La esencia del ciclo austriaco, en una sola y corta frase
La firma Fritz Machlup:
monetary factors cause the cycle but real phenomena constitute it
En “Hayek’s Contribution to Economics,” in Machlup, ed., Essays on Hayek. Hillsdale, MI: Hillsdale College Press, 1976, pp. 13-59.
Una explicación al resumen sucinto de Machlup lo proporciona Bob Murphy, donde compara la teoría austriaca del ciclo con la de los ciclos reales:
In a purely “real” theory of the business cycle — which was developed at places like the University of Rochester, where Plosser was dean of the business school — the economy is humming along nicely, when all of a sudden, BAM, there is a shock to technology, or resource supplies, or labor productivity. The agents in the model rationally adjust to the new situation, and with the new tradeoffs many of them now opt for more leisure. Critics dismiss this view as nuts, and mock real-business-cycle (RBC) theorists as explaining the 1930s as “the Great Vacation.”
Fortunately, the Austrian story doesn’t involve such implausible elements. Instead, the Austrians say that the economy is humming along nicely, when all of a sudden, BAM, the central bank (or more generally, the banking system in a regime of fractional-reserve banking) expands credit out of thin air and pushes down the interest rate below the level corresponding to the actual savings in the economy. Because of the monetary disturbance, and the “false” signal sent by the artificially low interest rate, entrepreneurs begin long-term projects that cannot be completed.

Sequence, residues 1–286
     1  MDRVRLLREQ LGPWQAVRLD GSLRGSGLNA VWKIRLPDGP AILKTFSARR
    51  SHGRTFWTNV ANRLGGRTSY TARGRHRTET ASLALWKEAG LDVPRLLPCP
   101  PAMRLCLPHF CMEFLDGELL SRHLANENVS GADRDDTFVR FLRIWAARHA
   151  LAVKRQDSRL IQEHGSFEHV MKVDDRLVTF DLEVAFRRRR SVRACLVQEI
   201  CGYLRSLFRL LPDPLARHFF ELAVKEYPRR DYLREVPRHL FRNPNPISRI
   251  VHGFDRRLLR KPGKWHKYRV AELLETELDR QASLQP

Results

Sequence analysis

Once the monetary causes get the ball rolling, however, there are real distortions in how physical resources (including labor) are deployed. There are genuine mistakes — malinvestments, in Mises’s terminology — made during the boom period.
Finally, because the Austrians have a rich model of capital, they can explain why a painful bust, or recession, is necessary. In other words, after the central bank backs off and lets interest rates rise to their correct level, the entrepreneurs and workers can’t simply slap their foreheads and say, “Whoops, let’s try that again.” The economy can’t simply revert to its position on the eve of the boom, because irrevocable investment decisions have been made.